Thursday, April 21, 2005

the story behind the word

What is the story behind the word "story"? The wondrous Online Etymology Dictionary can provide the answer:
"account of some happening," c.1225, "narrative of important events or celebrated persons of the past," from O.Fr. estorie, from L.L. storia and L. historia "history, account, tale, story" (see history). Meaning "recital of true events" first recorded c.1375; sense of "narrative of fictitious events meant to entertain" is from c.1500. Not differentiated from history till 1500s. As a euphemism for "a lie" it dates from 1697. Meaning "newspaper article" is from 1892. Story-teller is from 1709. Story-line first attested 1941. That's another story "that requires different treatment" is attested from 1818. Story of my life "sad truth" first recorded 1938.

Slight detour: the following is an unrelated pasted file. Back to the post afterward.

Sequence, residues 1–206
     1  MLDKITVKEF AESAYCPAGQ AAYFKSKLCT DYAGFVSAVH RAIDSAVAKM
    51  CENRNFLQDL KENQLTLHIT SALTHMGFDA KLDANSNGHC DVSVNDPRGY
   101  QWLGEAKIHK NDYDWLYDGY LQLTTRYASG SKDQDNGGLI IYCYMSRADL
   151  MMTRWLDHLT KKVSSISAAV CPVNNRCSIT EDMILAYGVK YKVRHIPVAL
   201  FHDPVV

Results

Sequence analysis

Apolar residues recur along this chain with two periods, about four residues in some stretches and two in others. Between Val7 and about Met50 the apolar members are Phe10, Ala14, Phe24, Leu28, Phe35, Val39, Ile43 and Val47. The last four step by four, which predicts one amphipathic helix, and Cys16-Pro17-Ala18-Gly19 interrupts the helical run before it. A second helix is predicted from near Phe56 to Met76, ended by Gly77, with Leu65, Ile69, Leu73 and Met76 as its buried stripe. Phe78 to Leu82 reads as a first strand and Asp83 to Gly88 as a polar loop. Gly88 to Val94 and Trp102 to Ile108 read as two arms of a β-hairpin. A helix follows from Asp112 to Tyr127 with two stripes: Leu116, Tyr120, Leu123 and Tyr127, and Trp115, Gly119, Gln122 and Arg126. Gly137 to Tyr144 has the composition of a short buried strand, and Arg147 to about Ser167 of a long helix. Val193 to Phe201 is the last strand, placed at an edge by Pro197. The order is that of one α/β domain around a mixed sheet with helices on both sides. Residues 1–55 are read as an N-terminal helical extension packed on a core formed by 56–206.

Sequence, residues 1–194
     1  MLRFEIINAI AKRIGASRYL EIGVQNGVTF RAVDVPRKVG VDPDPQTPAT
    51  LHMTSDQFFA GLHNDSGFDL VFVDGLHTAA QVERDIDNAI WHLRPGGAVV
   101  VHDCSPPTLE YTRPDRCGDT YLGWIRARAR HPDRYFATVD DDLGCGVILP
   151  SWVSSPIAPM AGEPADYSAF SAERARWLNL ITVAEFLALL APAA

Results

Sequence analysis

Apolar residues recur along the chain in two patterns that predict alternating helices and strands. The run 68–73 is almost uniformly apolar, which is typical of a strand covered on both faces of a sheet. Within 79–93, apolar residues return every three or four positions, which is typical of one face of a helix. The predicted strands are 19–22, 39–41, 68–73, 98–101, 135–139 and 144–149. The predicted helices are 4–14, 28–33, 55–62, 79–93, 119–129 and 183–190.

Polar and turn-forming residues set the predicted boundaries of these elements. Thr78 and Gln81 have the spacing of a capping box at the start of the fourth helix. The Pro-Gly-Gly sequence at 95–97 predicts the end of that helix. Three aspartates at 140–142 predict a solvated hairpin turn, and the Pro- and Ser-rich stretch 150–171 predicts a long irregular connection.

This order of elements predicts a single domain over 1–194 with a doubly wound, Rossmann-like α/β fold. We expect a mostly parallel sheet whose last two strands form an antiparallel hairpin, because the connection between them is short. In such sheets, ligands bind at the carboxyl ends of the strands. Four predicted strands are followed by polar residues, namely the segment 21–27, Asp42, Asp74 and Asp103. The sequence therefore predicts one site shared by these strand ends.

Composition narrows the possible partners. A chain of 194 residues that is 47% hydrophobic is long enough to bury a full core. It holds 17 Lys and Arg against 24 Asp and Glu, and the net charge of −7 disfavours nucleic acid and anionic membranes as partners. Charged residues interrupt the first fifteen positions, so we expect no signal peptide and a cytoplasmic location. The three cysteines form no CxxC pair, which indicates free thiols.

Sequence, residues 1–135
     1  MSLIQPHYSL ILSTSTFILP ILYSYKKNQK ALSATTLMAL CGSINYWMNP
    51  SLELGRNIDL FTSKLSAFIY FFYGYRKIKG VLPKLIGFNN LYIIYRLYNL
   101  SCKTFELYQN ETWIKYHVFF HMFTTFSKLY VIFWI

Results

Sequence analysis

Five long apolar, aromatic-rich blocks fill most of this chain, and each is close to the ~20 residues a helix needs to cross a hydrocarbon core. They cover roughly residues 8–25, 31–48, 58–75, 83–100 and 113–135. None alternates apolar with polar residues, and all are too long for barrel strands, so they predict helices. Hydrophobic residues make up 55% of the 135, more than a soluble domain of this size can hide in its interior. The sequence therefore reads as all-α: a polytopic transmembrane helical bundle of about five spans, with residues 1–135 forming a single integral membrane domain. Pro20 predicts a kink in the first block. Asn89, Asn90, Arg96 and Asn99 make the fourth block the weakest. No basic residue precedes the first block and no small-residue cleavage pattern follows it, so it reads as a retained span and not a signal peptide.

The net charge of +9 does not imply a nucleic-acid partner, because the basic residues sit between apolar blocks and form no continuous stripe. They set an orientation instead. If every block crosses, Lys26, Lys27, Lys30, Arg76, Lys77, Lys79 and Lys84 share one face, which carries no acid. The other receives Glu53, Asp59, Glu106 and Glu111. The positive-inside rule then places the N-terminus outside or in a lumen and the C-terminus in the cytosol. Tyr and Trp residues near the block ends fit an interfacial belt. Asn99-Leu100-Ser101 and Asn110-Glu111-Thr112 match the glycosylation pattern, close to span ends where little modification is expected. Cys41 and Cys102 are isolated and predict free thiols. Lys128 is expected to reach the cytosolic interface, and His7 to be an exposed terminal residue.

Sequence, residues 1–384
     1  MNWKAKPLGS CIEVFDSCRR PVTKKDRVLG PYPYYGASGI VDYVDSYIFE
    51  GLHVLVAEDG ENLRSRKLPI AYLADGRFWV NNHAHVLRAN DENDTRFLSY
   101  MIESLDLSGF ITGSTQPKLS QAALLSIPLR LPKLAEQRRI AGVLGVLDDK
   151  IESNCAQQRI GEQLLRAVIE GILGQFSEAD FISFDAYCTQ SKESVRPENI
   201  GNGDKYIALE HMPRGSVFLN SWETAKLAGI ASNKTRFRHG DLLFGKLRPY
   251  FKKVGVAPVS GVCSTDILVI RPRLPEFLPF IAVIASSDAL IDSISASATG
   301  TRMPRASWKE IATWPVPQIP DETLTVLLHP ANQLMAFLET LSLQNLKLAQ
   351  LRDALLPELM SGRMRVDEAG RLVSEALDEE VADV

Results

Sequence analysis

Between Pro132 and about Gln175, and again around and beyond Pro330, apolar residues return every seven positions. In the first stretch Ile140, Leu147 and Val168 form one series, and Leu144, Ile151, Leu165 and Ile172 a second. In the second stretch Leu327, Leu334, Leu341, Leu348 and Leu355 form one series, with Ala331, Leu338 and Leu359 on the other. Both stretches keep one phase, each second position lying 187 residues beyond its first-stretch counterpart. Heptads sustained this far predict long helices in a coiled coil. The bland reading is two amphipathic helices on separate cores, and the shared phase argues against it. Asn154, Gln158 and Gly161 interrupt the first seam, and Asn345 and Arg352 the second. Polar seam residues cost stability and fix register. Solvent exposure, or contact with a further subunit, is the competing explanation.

I especially wanted to pick up on the idea of a story as being essentially "a lie". This connotation is more evident in some "story" synonyms: myth, fable, legend, romance, epic, saga, yarn, tale.

At Story-Systems, Tim Boucher asks: Which Religion is the "Right" One? His answer is similar to the one I would have given a year or so ago before I began to read more about Islam and especially before reading any of the Qur'an itself. I always accepted Islam as just another religion, with its own path to God, and in some ways I do still believe that. However, I have been stunned by what I have perceived as the spiritual shallowness of the Qur'an itself and the relative lack of moral fibre of its writer. I have come to see this writer as a clownish fool for whom a shortened version of his name, viz, "Mo" is far better suited than any of the fuller variants like Muhammad, Mohammed, or Mohamet.